Using Food As Medicine for individuals with Feeding Tubes
Written by Erin Gattuso, ND
(this post is an adaptation of a handout that I have. The PDF includes the calorie counts and nutritional facts of the recipes. Unfortunately, I would not convert into blog format. If you email me, I am happy to send a copy of the PDF)
Families that decide to use blenderized diets through g or J tubes, can run into a number of challenges.
The first challenge is of course the inconvenience of making, blending and cleaning. Because of this, it can be helpful to have 3-4 different meals pre-made and frozen, so that when you need them you can quickly pull a meal out of the freeze and use as needed. If you have a support network, it can be really nice to ask other people to make the food for you. Anything you can do to take away some of the time and effort towards feeding can help the entire family.
Common medical challenges facing
children using feeding
Small Intestine Bacterial Overgrowth (SIBO)- when the transit time is slower than ideal, it can be very easy for children to develop SIBO which causes bloating, gas and acid reflux. The way to help prevent and manage this, is to include food based antimicrobials and probiotics. A few examples of antimicrobial foods are; onion, garlic, ginger. These often are too strong for little tummies when ingested raw but cooking causes them to lose most of their anti-microbial activity. The gentlest way is to create a tea with raw minced onion or ginger, let it steep for 5 minutes and bullus 1-2 oz through their tube. Ginger is the most gentle and can be used on a semi-regular basis. Raw onion tea is a safe bet for someone with moderate bacterial overgrowth but should not be used in people with severe bacterial overgrowth. It is best to seek professional help in cases of severe bacterial overgrowth. Garlic is very strong and should be used with caution.
Slow transit time- for slow transit time, it is very important to incorporate “bitter” foods. There are over 30 bitter taste receptors compared to 1 sweet and 1 unami taste receptor. These receptors are all the way through the digestive tract so even if you give “bitters” via J or G tube, it will have the same effect. The bitter receptor stimulates peristalsis, gastric secretions, digestive enzyme release increase bile secretions. Examples of bitters are gentian artichoke leaf. It is easy to purchase a bitter tincture and use this before meals. It can be used after meals but 5-10 minutes before a meal is preferred.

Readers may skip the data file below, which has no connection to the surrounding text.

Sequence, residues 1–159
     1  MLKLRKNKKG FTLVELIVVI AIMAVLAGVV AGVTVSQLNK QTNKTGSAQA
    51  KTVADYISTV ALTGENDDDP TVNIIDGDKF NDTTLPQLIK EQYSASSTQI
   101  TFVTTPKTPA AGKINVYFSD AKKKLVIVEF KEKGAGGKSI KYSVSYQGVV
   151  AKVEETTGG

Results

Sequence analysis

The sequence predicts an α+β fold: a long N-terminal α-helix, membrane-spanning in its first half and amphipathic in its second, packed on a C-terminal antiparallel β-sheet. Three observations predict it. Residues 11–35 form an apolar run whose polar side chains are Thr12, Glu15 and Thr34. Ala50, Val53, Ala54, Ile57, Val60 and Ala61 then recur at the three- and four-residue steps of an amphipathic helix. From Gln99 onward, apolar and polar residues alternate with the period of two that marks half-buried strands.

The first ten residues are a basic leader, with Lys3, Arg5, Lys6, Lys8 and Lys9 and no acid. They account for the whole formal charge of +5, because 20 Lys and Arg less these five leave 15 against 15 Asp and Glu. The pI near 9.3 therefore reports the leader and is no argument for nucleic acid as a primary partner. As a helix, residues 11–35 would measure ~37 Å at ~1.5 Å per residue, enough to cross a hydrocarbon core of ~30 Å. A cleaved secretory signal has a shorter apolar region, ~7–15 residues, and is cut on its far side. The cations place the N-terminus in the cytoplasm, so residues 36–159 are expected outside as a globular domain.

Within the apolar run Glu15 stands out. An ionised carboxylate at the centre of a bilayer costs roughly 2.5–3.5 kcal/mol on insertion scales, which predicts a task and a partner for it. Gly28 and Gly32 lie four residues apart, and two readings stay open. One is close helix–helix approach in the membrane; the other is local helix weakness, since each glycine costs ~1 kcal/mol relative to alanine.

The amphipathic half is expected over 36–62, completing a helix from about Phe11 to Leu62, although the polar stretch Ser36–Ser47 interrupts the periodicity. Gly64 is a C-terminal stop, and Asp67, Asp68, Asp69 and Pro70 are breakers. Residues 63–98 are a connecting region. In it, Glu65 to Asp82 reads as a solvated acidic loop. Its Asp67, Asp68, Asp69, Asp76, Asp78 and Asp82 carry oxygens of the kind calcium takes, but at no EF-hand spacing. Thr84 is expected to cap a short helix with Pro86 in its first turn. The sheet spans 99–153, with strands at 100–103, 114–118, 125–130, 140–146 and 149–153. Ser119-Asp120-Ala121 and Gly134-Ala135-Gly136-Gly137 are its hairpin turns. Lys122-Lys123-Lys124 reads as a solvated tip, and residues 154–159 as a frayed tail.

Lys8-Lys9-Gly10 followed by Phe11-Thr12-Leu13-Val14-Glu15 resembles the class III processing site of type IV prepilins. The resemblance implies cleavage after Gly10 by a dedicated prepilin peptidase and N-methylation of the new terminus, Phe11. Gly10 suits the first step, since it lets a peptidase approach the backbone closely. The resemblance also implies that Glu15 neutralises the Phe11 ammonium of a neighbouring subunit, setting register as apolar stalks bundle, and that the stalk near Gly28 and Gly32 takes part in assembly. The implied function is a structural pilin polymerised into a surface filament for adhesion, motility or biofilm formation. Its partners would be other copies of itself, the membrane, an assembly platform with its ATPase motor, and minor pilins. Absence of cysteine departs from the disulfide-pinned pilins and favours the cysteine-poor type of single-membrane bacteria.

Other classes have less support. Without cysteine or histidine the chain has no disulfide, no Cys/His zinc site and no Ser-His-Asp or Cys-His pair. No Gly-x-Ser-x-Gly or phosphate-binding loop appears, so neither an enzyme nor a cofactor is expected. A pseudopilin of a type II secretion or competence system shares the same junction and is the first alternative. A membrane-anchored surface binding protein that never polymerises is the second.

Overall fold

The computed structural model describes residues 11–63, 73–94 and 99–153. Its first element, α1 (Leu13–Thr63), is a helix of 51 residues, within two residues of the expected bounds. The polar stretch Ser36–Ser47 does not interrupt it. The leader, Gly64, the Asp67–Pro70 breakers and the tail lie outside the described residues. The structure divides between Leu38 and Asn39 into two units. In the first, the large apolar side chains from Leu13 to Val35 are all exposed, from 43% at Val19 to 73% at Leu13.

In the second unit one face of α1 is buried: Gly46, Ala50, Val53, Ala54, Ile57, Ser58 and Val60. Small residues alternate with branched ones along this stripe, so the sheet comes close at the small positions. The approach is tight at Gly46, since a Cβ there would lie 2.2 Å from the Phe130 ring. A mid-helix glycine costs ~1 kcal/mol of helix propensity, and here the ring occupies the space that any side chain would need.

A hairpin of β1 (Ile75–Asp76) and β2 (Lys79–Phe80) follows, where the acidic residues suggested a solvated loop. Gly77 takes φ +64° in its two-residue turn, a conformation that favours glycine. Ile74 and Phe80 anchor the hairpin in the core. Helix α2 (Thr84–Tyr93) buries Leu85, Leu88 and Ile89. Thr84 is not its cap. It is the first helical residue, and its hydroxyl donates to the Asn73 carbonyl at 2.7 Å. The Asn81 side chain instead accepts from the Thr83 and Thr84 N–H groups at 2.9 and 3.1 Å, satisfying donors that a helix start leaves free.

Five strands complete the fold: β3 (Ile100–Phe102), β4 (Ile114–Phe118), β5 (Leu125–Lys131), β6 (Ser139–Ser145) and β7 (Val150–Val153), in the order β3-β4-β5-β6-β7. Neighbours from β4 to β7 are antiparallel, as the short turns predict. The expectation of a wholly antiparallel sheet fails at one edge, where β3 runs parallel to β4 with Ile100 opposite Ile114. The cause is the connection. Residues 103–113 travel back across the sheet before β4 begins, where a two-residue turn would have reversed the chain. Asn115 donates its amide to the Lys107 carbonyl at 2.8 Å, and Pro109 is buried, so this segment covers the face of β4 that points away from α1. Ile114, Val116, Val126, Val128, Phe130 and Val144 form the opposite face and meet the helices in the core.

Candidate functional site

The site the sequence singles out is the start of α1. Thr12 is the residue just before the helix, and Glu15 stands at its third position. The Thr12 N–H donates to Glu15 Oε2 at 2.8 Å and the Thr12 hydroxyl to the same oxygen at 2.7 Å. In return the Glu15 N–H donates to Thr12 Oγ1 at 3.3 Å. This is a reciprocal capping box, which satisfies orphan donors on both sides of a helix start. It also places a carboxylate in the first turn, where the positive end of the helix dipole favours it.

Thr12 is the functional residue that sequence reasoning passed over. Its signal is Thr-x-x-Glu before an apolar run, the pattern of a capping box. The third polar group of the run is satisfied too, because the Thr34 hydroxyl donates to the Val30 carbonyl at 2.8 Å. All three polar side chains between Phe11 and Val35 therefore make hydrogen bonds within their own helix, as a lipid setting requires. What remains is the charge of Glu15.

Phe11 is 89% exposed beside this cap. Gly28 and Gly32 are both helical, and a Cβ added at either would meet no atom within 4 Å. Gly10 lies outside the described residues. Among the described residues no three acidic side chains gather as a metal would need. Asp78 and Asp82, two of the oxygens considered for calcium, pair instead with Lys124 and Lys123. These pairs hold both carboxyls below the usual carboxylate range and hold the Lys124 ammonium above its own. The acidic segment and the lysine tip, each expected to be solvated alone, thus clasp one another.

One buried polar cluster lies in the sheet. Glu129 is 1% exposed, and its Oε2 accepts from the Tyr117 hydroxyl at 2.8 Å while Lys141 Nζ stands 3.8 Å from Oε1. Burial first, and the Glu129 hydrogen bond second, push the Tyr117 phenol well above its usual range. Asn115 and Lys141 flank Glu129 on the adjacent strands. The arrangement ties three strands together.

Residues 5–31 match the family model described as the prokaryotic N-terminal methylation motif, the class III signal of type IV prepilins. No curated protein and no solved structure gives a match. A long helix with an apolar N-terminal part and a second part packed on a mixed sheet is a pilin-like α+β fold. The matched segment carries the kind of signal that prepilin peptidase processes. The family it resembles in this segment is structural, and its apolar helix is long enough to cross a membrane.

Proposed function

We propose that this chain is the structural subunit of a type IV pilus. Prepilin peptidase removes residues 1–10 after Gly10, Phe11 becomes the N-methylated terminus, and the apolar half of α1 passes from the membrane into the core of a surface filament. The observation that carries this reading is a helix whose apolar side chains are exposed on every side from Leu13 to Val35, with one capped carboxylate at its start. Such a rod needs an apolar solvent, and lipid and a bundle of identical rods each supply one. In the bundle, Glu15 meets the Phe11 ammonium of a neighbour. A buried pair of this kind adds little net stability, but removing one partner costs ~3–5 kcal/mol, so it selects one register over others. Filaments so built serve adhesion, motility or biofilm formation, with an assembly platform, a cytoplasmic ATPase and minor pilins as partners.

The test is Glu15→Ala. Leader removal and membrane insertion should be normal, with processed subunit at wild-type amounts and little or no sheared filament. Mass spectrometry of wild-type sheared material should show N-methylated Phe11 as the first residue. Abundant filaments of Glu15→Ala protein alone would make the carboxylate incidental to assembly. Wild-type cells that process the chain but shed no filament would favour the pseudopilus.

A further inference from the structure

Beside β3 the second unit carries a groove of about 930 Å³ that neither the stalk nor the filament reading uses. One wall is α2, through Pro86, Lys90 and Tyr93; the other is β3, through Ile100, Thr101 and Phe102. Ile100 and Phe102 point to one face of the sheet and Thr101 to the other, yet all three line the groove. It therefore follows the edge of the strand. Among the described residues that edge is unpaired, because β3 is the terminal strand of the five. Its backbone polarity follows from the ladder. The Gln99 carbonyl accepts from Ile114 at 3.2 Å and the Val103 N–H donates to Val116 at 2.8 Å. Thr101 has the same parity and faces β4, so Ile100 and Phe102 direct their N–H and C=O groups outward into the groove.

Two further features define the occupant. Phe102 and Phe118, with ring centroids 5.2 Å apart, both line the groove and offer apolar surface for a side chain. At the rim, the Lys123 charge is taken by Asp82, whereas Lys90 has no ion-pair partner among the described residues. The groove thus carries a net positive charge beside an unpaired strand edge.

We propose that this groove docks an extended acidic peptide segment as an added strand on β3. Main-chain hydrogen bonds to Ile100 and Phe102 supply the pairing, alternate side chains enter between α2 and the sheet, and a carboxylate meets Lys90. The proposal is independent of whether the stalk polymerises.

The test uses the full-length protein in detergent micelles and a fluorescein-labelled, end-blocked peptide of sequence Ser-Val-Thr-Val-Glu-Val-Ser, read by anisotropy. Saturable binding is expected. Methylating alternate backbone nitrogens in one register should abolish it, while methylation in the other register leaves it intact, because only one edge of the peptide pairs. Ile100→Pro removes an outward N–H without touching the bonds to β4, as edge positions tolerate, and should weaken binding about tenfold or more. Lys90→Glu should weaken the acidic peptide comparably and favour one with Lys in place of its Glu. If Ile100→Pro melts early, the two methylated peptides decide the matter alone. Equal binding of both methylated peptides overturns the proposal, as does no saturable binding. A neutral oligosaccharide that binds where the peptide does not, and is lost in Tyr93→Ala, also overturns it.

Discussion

Food Allergies- Children with food allergies tend to do better with rotation diets, unfortunately, it is not uncommon for children o develop food allergies to the foods they eat the most, which can be an added frustration to an already restricted diet. This is why it is a good idea to have a couple different types of meals prepared in the freezer to help maintain a varied diet.
Poor digestion/absorption-For very sensitive tummy, considerer using digestive enzymes. Digestive enzymes are VERY safe, even for infants as young at 2 weeks old. They help in the breakdown of food for people who are deficient in digestive enzymes and if there isn’t food to break down, they act like a scrubbing brush for the digestive tract. You must bolus the digestive enzymes before or directing the feed. If you add the digestive enzyme in the blender, the texture of the food will become very sticky and be hard to push through the tube.
Instructions from Transformational Enzyme Corporation ( please work with a medical professional when doing this or call the company directly and ask for assistance)
Mix Either 1 scoop OR open one capsule with 20-30 cc’s water (enough water to make a loose slurry.)
If feeding is continuous, give above dosage 4-6 times / day with periodic flushes of water (usually every 4 hours.)
If bolus feedings, five above dosage at the beginning of each bolus feeding, usually every 4 hours (6 x day.)
Each “slurry mixture should be given immediately after mixing, inservice syringe into feeding tube and flush tube with water.
Herbs to have at home
Ginger- intraduodenal doses of ginger extract were shown to increase bile secretion in rats, mild anti-microbial and anti-fungal activity. In can potentially aggravate acid reflux, especially in people who tend to “run hot.” Ginger is safe in infants, children, pregnancy and nursing. There are no known pharmaceutical interactions though theoretically, should be avoided if on blood thinners such as warfarin.
Meadowsweet- children’s diarrhea. Mild anti-microbial effect. Protects the mucosa of the upper GI tract, decreases acidity. zero pharmaceutical contraindications, safe in infants, children, pregnancy and lactation, no known side effects, no known overdose.
Peppermint- Digestive spasmolytic. Decreases gas, bloating, and spasms. Mildly sedative to the central nervous system. No known pharmaceutical interactions, safe with infants, children, pregnancy and nursing, no known side effects for ingested peppermint tea. Peppermint essential oil, mixed with a carrier oil, can be very helpful for stomach aches and indigestion.
Why Bone Broth? Bone broth is an easily digestible food that helps heal the lining of the digestive track.
NOTE: If you do not want to go through the trouble of cooking the bone broth, store bough bone broth is a very good substitute. Bare Bones and Epic are good brands. You can purchase these off thrivemarket.com for a discounted price.
It is very important to make sure you have organic grass-fed, Pasteur raised bones. The best way to ensure quality is to visit WestonAPrice.org and find the contact information for you local chapter leader. They will be able to tell you what farms in your area are able to provide ethically raised meat products.